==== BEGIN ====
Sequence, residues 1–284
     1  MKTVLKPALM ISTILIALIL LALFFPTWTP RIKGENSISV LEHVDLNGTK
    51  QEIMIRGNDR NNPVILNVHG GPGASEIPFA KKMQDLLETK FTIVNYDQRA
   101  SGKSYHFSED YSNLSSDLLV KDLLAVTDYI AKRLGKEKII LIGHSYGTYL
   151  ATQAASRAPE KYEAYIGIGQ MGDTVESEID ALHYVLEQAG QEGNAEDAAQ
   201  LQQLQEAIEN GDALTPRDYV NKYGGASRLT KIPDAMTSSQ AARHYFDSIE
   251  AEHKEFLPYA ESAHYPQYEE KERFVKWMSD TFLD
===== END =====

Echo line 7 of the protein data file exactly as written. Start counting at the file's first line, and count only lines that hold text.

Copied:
   251  AEHKEFLPYA ESAHYPQYEE KERFVKWMSD TFLD